Hope that helps.
Rent to own typically means the owner has promised to sell the property to the tenant for a certain price within a certain time frame. Often a portion of the rent paid will go toward either the purchase price or buyer's closing costs associated with the purchase in the form of a rent credit. In some cases, a non refundable option consideration deposit is collected.
1) Part of the rent paid goes toward the purchase.
2) The tenant has the exclusive or first right to purchase the property.
3) The tenant can "test" the home and area first without fully committing to buying it.
4) The tenant locks in a price today for a purchase down the road. If the property goes up in value, the appreciation gained is theirs.
1) The tenant may pay a premium for the advantages of these terms. (Higher than market rent)
2) The tenant may sacrifice some or all payments/deposits/credits if they do not to buy or perform as agreed.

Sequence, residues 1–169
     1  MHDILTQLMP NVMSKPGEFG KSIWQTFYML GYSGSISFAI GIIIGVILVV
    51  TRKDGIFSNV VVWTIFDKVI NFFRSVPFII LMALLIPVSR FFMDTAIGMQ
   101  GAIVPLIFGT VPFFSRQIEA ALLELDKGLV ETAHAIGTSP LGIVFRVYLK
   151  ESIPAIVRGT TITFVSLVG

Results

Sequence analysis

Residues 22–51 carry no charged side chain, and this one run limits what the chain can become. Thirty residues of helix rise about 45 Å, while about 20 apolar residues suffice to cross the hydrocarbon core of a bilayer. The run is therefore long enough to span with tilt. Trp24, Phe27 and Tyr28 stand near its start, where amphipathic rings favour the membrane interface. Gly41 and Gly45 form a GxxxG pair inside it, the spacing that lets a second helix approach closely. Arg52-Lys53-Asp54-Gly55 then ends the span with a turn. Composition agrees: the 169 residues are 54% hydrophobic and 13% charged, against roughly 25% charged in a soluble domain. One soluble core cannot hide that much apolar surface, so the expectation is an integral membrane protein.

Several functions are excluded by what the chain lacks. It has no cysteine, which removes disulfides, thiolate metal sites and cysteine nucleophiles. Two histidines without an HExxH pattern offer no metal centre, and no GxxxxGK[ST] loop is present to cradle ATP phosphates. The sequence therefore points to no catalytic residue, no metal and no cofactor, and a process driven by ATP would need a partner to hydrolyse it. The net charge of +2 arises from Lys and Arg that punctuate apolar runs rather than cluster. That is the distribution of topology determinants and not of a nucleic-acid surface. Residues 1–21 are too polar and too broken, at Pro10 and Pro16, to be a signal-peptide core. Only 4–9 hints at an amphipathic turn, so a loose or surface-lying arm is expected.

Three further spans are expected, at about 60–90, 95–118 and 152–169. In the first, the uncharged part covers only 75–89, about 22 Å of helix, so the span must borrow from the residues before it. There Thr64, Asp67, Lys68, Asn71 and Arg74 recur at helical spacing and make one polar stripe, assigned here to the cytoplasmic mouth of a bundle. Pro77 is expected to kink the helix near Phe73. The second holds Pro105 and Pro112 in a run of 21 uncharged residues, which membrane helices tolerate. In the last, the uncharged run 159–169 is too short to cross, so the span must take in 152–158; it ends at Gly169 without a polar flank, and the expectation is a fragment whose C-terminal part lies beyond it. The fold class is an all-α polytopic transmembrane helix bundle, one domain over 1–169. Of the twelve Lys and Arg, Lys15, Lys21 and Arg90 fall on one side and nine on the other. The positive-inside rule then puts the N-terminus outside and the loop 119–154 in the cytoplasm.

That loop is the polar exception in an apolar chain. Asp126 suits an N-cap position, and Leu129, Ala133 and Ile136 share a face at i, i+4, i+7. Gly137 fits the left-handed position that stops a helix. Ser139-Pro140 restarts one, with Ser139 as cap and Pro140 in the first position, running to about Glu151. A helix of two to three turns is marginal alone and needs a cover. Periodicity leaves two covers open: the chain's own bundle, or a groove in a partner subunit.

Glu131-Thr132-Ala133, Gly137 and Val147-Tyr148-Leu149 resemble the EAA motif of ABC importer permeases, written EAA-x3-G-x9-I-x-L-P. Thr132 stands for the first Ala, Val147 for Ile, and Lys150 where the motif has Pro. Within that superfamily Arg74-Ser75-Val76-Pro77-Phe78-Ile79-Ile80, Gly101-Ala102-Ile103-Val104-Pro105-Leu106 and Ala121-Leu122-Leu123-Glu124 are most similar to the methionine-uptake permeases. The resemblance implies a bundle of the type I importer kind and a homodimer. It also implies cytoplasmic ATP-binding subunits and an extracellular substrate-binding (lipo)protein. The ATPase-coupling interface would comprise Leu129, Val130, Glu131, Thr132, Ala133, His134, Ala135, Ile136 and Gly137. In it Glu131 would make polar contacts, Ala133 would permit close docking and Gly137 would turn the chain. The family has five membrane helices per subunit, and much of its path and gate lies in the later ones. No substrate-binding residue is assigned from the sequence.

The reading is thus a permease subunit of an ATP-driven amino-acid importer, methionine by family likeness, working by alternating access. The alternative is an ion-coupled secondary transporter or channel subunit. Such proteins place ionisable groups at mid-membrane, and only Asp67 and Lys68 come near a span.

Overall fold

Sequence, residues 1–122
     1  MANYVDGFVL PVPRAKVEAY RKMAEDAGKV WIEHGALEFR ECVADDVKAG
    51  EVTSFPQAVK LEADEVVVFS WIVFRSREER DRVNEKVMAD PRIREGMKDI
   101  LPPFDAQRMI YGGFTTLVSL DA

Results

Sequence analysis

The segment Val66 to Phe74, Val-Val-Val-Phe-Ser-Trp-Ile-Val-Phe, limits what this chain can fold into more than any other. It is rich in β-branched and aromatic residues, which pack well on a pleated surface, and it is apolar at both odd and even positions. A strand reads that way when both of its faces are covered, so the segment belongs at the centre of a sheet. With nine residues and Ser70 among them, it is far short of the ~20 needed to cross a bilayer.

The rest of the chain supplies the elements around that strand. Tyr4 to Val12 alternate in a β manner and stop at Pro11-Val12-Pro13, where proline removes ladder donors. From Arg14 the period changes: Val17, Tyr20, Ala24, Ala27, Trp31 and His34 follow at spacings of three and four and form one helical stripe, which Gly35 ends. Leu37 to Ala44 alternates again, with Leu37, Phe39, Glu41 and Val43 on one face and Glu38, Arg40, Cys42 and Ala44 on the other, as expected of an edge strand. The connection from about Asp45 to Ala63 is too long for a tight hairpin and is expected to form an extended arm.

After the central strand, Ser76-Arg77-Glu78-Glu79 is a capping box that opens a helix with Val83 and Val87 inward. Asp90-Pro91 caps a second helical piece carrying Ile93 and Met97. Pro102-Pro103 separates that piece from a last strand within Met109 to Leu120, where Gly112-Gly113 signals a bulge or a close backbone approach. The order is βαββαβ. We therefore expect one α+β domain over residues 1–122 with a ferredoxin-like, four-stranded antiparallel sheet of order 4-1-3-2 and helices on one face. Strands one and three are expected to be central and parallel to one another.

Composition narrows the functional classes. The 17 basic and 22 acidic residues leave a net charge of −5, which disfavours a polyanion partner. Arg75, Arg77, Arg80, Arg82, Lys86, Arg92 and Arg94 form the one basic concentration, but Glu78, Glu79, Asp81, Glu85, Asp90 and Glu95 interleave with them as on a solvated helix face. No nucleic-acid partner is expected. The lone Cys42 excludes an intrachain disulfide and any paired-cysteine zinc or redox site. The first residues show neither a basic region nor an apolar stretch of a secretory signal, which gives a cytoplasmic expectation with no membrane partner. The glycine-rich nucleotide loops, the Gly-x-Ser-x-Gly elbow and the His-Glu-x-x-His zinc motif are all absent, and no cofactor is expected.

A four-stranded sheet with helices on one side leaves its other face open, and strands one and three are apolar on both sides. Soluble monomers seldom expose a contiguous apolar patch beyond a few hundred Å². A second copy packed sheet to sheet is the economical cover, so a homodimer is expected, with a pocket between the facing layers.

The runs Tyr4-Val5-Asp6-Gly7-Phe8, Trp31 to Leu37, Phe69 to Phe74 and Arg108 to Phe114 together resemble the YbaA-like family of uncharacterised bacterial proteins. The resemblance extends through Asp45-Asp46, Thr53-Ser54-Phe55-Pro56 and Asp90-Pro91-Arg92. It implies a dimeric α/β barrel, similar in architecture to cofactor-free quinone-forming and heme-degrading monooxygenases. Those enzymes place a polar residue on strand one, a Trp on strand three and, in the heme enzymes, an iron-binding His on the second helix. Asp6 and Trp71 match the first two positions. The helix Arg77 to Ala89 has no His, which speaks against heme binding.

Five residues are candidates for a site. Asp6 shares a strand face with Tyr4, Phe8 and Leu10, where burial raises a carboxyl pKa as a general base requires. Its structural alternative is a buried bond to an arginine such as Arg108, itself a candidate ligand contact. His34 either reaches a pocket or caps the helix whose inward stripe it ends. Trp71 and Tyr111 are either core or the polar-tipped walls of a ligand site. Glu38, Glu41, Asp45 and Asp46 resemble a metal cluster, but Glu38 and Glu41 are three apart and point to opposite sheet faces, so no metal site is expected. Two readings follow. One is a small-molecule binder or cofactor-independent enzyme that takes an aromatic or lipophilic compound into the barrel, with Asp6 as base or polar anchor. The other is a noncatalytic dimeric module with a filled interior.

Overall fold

Tenants and owners considering a rent to own agreement should negotiate the price, rent credit, deposit and time frames etc.. Keep in mind, for this to work, the tenant will need to qualify for a new loan and the property will need to appraise for the amount agreed. Closing costs, inspections, type of warranty deed, survey, appraisal etc. should be addressed up front. Who pays for what? What happens if there are complications?
Rent to own or lease option offerings can vary greatly. Often the scales are tipped in favor of the owner. I suggest anyone considering this type of arrangement use an attorney or licensed broker OF THEIR OWN that specializes in these types of transactions using Colorado Real Estate Commission approved forms when available. (Esp. the purchase agreement which protects both parties spelling out the details)
If youâ€™re a property owner, rent to own usually attracts better tenants & higher rents. Be certain your closing net balances after payoff. (I've had owners miscalculate & need to bring money to the closing table)
If your a tenant, set up wisely, rent to own can build equity & provide pride of ownership from move in. It can also allow you to repair your credit if needed in preparation for purchase. However, if you have the ability & desire to buy today, I'd suggest you do so. There is a much broader selection of property & some fantastic deals on the market right now.